Crappies will be stack in certain areas, specifically warmer shallow water. For smaller lakes it's best to cover areas quickly tossing small jigs or panfish spinners. You will find that small lakes and pond you may only find Crappies in very specific spots and no other spot on the lake. Crappies can be more spread out in larger lakes. Sunnies can be found just about anywhere with structure. For Rivers try structure, breaks, wingdams, shallow water slip bobbing with minnow and back waters.

Share this post


Link to post
Share on other sites

well i will be fishing on a lake forsure. what should i look for on my depth finder? when i went after sunnies in the spring i just looked where they were grouped up near shore? or like a over hanging tree. be as far as crappies i dont know what to look for on the depth finder???

Share this post


Link to post
Share on other sites

well i will be fishing on a lake forsure. what should i look for on my depth finder? when i went after sunnies in the spring i just looked where they were grouped up near shore? or like a over hanging tree. be as far as crappies i dont know what to look for on the depth finder???

Tell us about the type of lake your fishing (basin or lots of contour). Size, depth, bottom content and structure (bays, creeks, points and flats).

A generalization would be to keep it shallow. Sight fish them in shallow (5' or less). If the water is to dingy to sight fish find a muddy bottom bay or flat on the north end.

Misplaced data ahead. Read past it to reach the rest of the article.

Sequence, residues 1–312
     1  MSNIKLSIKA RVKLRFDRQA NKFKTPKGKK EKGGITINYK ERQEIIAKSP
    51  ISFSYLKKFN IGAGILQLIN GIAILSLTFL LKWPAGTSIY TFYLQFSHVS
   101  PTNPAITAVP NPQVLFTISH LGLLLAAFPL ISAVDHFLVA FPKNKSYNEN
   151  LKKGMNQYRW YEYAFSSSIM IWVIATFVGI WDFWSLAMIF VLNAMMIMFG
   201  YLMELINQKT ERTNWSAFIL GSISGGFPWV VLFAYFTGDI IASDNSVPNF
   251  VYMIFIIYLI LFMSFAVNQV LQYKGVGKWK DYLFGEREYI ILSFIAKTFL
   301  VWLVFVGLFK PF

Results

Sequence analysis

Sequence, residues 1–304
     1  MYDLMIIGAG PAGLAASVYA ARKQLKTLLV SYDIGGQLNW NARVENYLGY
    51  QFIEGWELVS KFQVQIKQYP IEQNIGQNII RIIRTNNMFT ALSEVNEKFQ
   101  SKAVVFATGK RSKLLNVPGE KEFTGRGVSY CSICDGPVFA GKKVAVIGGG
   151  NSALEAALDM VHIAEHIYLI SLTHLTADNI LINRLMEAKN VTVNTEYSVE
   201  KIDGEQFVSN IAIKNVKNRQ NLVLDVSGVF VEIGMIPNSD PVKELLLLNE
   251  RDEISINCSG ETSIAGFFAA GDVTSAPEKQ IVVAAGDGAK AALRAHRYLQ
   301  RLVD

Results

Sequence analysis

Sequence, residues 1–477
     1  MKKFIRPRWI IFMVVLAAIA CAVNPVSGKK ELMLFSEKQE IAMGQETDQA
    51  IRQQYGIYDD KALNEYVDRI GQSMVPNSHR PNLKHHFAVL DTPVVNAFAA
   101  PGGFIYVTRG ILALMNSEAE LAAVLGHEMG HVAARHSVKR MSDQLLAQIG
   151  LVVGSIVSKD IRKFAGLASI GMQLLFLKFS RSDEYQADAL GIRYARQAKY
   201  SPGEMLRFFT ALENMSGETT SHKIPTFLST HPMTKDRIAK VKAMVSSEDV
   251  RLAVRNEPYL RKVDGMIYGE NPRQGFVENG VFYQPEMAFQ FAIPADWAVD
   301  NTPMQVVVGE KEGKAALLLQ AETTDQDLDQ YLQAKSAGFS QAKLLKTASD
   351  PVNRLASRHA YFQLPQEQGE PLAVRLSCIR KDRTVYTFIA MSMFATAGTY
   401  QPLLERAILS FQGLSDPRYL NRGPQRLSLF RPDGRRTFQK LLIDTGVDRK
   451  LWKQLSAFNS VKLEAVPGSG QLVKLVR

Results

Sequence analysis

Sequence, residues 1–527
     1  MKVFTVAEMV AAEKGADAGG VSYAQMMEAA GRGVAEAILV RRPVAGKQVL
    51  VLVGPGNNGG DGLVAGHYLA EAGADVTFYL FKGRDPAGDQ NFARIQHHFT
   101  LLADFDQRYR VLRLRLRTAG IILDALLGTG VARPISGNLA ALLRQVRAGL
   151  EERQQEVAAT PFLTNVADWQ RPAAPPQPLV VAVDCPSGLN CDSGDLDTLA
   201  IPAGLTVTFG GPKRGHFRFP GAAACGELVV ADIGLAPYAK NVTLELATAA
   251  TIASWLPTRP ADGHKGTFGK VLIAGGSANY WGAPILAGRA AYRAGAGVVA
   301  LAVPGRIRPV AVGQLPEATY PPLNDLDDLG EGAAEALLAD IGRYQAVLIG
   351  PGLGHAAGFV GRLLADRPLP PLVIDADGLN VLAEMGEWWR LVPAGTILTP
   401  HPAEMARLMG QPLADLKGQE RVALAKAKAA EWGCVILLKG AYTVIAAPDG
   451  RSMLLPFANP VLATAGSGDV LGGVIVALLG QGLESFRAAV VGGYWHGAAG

Share this post


Link to post
Share on other sites

umm.. not sure about all the structure and what not. i will being doing most of my fishing on lake washington near st.peter, and madison lake by mankato. if you dont mind pulling a map of these two lakes and telling me what you think that would be great!

Share this post


Link to post
Share on other sites

Tyler, you will find the exact scenerios they describe on a lake map of Madison and Washington. This is where the fun begins - not in spot on the spot location - but putting it together. You can do this! You will catch fish...

Share this post


Link to post
Share on other sites

Both of those lakes usually have solid action for crappies and gills beginning in early May. On Madison, a good was to find some crappies is to slowly, <2 mph troll a #5 Shad Rap or #4 Salmo Hornet in 7-9'. You will usually pick off a few fish that are hanging out in those depths, if you get most than one in quick order stop and start casting jigs.

Share this post


Link to post
Share on other sites

Create an account or sign in to comment

You need to be a member in order to leave a comment